The Seed Libraries are set up for clients to “check-out” seeds, grow them for a season, harvest seeds from their crop, and then “return” the seeds back to our library. This provides an opportunity for seed sharing and maintaining heirloom plants. Over the course of 2022, we saw a great response from people interested in seed sharing. On Facebook, there were over 10,800 interactions with our posts specifically about the Seed Library. We currently have 10 participants enrolled in the library “system”. Last year, we set up a table at 4 major community events where we passed out seeds and shared info about the library and spoke to 449 people during these events.

Citizens who have backyard flocks and wish to sell their eggs need to have the Egg Candling certification in order to ensure proper food safety. Selling locally produced food cuts down on costs for consumers and sellers alike. This also provides the opportunity to meet the owners of an establishment and instill trust in the product. Having this certification not only allows citizens to sell their eggs, but it also trains them in proper candling procedure to make sure that the eggs being sold are of the highest quality. To meet this need, MC Halbrook collaborated with Haleigh Goodroe, the regional trainer with Georgia Department of Agriculture to provide two certification sessions in 2022, resulting in 59 new certified individuals.

Along with these 4 focus areas, McIntosh County processed 85 soil samples and 16 water samples to help clients gain a better understanding of their soil and water needs. For both counties, Halbrook had over 1,500 interactions with clients through office and site visits, calls, and emails. These clients reach out with questions covering plant diseases, pests, lawn maintenance, agricultural commodities, trees, and more.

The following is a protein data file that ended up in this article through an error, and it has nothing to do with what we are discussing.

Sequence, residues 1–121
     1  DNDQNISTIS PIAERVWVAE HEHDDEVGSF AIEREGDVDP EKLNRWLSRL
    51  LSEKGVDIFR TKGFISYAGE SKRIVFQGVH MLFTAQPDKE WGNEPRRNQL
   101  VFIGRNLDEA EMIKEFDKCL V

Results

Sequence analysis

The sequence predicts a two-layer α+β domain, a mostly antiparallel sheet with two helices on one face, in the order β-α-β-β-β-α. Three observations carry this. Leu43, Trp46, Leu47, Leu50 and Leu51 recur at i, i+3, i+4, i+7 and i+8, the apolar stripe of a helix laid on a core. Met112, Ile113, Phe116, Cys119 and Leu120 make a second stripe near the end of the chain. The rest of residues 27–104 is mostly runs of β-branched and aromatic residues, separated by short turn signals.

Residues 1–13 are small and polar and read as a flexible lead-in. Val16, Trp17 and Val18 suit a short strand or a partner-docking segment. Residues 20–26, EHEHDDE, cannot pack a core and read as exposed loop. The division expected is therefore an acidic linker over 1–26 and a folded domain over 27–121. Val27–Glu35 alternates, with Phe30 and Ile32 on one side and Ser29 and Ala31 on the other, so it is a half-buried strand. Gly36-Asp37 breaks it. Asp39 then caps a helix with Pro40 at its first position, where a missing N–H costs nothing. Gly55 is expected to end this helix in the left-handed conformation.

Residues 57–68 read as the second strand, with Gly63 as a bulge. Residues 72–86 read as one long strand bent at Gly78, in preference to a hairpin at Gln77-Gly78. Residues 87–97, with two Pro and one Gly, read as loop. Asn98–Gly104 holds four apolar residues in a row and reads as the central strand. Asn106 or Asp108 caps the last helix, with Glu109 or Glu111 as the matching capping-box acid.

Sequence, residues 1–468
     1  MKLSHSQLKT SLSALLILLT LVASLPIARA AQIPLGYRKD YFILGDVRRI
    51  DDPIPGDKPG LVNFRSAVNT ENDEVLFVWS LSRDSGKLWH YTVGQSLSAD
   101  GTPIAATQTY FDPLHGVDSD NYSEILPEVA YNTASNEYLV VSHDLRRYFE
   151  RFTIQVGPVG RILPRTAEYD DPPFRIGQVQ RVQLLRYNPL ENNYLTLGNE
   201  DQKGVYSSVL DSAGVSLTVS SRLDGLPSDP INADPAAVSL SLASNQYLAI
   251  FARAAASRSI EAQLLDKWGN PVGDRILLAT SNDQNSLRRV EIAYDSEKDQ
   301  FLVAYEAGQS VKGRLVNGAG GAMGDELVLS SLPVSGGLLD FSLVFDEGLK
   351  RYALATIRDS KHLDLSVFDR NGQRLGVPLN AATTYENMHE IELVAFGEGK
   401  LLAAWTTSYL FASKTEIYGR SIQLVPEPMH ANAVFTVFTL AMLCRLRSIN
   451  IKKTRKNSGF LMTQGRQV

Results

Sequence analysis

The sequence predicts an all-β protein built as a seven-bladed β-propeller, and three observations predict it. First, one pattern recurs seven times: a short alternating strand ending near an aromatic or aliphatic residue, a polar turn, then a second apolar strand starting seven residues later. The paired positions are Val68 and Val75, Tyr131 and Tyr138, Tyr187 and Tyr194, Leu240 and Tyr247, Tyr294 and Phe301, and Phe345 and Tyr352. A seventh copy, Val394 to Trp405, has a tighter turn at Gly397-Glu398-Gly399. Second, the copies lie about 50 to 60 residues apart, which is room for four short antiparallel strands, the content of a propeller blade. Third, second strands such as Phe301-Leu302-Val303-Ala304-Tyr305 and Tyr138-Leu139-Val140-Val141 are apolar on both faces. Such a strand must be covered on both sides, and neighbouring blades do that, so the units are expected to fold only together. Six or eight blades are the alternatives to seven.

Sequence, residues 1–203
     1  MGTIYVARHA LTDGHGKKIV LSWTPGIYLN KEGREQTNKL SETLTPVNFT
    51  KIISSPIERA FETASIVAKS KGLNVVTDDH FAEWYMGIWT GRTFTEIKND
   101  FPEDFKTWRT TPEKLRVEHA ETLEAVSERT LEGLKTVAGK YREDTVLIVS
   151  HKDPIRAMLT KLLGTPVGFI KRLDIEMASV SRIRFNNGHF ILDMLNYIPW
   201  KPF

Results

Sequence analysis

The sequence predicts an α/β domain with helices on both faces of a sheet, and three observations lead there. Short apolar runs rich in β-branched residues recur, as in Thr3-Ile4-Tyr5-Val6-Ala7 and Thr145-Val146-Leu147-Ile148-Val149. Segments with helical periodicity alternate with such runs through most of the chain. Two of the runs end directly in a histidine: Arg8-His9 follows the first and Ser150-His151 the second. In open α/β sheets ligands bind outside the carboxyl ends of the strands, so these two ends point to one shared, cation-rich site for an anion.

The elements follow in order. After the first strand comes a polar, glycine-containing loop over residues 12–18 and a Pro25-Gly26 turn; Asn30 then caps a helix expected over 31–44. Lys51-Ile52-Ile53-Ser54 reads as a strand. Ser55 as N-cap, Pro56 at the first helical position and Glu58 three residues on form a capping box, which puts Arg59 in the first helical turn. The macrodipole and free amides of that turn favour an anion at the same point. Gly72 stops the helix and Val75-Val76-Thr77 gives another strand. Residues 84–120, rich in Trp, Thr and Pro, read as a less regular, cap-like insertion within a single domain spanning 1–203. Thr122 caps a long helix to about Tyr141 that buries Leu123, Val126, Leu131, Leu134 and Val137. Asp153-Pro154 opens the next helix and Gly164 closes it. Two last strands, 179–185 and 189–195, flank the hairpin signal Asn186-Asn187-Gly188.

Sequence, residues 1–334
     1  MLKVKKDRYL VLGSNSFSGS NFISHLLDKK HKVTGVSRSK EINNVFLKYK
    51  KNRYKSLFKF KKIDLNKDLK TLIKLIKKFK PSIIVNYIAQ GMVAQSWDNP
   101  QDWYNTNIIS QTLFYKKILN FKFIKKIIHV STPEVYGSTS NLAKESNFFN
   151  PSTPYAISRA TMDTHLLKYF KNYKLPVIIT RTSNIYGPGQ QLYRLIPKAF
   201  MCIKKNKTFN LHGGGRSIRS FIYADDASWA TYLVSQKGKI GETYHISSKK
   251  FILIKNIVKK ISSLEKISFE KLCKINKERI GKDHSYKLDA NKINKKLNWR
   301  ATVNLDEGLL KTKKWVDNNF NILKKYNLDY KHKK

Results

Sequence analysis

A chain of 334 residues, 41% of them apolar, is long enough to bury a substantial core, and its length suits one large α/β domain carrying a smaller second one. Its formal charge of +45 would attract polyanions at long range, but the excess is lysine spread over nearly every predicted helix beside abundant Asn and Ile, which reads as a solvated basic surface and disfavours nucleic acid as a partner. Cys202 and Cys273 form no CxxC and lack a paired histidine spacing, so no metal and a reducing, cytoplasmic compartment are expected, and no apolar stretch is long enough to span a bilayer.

Family and Consumer Sciences

The Glynn County Family and Consumer Sciences (FACS) Agent, Michelle May, assists in addressing real-life issues faced by Georgians of all ages. The agent provides programs and research-based information on obesity, chronic disease, food and financial insecurity, family stresses, unhealthy housing, food safety and preservation, nutrition and more. Through networking and educational programming, the FACS Agent reached 5700 individuals in 2022.

Other health programs managed by UGA include the Expanded Food and Nutrition Education Program (EFNEP). These classes teach families how to stretch their food dollars, eat healthier meals and snacks, and reduce the risk of foodborne illnesses.

During 2022, The EFNEP Program Assistant, Suzanne Walker, provided 221 adult educational sessions within Glynn, McIntosh and Long County. Of participants that graduated, 93% reported eating more fruits & vegetables and 100% reported comparing food prices more frequently at the grocery store.

Youth programming in Glynn & McIntosh Counties provided 632 educational sessions with 61% of graduating youth reporting increases in practicing safe food handling procedures and 78% reporting an increase in physical activity.